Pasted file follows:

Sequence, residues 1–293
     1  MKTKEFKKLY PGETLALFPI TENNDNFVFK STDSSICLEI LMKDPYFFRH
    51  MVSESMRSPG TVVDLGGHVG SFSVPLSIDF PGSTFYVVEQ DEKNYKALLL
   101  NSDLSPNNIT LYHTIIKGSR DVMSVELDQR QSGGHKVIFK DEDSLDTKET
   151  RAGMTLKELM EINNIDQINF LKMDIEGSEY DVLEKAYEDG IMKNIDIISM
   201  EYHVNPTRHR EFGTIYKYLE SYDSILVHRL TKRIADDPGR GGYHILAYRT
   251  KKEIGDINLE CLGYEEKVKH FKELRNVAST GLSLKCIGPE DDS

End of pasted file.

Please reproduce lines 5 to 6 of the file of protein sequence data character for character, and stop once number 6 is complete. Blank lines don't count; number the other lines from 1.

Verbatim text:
   151  RAGMTLKELM EINNIDQINF LKMDIEGSEY DVLEKAYEDG IMKNIDIISM
   201  EYHVNPTRHR EFGTIYKYLE SYDSILVHRL TKRIADDPGR GGYHILAYRT